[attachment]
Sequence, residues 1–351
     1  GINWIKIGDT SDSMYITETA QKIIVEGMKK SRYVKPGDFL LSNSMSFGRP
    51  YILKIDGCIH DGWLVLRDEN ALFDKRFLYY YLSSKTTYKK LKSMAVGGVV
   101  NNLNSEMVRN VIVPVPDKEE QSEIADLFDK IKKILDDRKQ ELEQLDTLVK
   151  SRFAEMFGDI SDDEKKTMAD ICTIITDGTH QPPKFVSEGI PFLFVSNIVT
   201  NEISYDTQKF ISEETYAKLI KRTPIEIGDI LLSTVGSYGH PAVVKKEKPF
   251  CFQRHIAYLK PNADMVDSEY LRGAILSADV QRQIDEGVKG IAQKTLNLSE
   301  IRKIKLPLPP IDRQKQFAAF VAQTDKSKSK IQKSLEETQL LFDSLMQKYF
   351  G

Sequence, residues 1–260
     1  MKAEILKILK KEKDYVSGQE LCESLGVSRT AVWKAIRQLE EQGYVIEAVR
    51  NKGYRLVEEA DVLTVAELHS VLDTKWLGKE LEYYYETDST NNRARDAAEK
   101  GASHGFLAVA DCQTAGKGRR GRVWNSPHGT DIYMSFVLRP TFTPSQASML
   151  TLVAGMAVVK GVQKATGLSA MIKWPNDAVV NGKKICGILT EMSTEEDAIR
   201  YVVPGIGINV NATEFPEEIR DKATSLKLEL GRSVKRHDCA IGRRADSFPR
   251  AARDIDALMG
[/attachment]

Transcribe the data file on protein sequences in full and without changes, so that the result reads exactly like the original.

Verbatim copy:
Sequence, residues 1–351
     1  GINWIKIGDT SDSMYITETA QKIIVEGMKK SRYVKPGDFL LSNSMSFGRP
    51  YILKIDGCIH DGWLVLRDEN ALFDKRFLYY YLSSKTTYKK LKSMAVGGVV
   101  NNLNSEMVRN VIVPVPDKEE QSEIADLFDK IKKILDDRKQ ELEQLDTLVK
   151  SRFAEMFGDI SDDEKKTMAD ICTIITDGTH QPPKFVSEGI PFLFVSNIVT
   201  NEISYDTQKF ISEETYAKLI KRTPIEIGDI LLSTVGSYGH PAVVKKEKPF
   251  CFQRHIAYLK PNADMVDSEY LRGAILSADV QRQIDEGVKG IAQKTLNLSE
   301  IRKIKLPLPP IDRQKQFAAF VAQTDKSKSK IQKSLEETQL LFDSLMQKYF
   351  G

Sequence, residues 1–260
     1  MKAEILKILK KEKDYVSGQE LCESLGVSRT AVWKAIRQLE EQGYVIEAVR
    51  NKGYRLVEEA DVLTVAELHS VLDTKWLGKE LEYYYETDST NNRARDAAEK
   101  GASHGFLAVA DCQTAGKGRR GRVWNSPHGT DIYMSFVLRP TFTPSQASML
   151  TLVAGMAVVK GVQKATGLSA MIKWPNDAVV NGKKICGILT EMSTEEDAIR
   201  YVVPGIGINV NATEFPEEIR DKATSLKLEL GRSVKRHDCA IGRRADSFPR
   251  AARDIDALMG